We're working hard on the next NoticeBored awareness module concerning privacy, in particular we're exploring the changes coming with GDPR (the EU General Data Protection Regulation).
Two concepts from article 23 of GDPR caught my beady eye this afternoon:
- Privacy by design is the idea that privacy should be an integral or inherent part of the design of a new system, service or process, from the outset (as opposed to being tacked-on later, with all the compromises and drawbacks that normally entails); and
- Privacy by default - where there are options or alternative paths, the ones offering the greatest privacy should be selected automatically unless the user or data subject explicitly chooses otherwise.
It occurs to me that conceptually those are not a million miles from 'secure by design' and 'secure by default', two strategic approaches with substantial benefits for information security as a whole, including most of privacy ... which hints at the intriguing possibility of using the forthcoming GDPR implementation to drive improvements to both privacy and information security.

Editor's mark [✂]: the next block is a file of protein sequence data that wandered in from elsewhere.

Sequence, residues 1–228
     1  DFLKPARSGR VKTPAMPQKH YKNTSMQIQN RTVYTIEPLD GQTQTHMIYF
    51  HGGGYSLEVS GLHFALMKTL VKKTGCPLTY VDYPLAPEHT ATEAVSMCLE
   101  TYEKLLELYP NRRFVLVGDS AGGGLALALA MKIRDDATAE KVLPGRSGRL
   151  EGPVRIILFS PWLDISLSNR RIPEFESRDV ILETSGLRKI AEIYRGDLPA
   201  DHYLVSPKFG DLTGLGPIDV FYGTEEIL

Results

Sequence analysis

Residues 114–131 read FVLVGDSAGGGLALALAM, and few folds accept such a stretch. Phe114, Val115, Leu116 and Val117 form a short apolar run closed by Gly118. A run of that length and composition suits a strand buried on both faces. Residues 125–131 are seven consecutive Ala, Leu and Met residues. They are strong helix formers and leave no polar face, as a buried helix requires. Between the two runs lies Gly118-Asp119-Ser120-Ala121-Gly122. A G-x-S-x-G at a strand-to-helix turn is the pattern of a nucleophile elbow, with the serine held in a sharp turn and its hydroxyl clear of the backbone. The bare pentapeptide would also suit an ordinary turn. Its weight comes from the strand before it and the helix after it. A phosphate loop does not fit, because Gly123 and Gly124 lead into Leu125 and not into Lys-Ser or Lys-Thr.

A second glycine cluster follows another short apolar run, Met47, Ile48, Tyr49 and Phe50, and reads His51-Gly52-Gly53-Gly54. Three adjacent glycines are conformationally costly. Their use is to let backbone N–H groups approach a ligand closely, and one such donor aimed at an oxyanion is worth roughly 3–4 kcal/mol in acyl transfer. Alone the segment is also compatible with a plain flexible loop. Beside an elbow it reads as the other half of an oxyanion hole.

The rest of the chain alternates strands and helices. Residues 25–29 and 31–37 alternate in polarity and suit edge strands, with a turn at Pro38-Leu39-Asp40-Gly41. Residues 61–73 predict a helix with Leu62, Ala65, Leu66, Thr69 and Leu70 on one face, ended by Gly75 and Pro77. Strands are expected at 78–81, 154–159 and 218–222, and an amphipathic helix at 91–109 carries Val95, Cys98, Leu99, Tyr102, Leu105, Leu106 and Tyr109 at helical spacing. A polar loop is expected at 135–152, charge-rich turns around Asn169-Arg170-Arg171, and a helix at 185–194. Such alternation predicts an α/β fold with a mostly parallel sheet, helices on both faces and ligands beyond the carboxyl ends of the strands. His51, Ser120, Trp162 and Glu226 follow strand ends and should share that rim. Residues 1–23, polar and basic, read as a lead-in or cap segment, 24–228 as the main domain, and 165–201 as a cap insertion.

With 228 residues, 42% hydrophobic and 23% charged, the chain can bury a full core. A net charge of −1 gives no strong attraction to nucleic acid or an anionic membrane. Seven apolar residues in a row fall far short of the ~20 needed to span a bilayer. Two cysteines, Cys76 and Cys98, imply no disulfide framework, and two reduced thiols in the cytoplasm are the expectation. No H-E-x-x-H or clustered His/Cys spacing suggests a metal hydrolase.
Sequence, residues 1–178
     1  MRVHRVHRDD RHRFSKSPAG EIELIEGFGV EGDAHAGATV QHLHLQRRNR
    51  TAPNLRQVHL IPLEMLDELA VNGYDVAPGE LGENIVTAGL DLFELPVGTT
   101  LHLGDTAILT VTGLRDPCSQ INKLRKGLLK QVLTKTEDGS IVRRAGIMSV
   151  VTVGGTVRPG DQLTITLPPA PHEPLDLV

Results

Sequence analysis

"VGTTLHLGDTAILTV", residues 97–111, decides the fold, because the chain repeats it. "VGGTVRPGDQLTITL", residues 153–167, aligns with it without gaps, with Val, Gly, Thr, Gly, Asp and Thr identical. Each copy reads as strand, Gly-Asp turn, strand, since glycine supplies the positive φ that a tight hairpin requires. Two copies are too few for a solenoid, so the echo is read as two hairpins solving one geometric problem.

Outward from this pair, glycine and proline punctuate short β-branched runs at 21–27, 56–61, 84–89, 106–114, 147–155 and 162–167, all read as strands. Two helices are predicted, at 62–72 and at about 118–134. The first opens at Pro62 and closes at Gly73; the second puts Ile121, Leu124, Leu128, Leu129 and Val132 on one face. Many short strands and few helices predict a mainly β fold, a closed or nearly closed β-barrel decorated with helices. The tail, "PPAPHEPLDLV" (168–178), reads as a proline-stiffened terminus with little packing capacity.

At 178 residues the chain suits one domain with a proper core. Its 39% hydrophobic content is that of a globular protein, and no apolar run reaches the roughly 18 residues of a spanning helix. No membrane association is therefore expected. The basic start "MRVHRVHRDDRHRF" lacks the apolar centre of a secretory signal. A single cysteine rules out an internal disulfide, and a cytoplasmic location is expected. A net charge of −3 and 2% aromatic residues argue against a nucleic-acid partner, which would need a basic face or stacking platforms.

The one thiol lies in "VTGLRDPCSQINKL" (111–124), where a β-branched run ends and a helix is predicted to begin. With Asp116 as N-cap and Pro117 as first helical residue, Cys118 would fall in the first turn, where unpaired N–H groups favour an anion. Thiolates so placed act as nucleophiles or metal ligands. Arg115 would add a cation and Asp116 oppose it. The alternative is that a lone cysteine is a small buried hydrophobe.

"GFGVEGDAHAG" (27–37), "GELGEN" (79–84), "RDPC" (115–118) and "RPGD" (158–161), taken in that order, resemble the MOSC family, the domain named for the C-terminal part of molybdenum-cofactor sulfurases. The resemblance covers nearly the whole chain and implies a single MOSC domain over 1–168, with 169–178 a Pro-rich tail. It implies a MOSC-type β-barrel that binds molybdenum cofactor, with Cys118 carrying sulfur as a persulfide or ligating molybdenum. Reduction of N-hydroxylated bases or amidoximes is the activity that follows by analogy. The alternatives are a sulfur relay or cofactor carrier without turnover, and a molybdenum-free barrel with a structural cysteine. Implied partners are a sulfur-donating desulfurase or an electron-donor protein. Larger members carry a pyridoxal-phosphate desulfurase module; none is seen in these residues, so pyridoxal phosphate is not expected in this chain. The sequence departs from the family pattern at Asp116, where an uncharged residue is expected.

Several other obligations in GDPR are also directly relevant to information security, such as the ability for organizations to demonstrate or prove their compliance (implying an assurance element) and to ensure that all employees are aware of the privacy obligations. In my opinion, privacy, information risk security, and compliance, substantially overlap as illustrated by the scope blobs above: the overlaps are not complete but the parts of privacy that do not involve information risk and security (e.g. 'personal space' and a person's right to determine how their personal information is used and disclosed), while important, are relatively minor.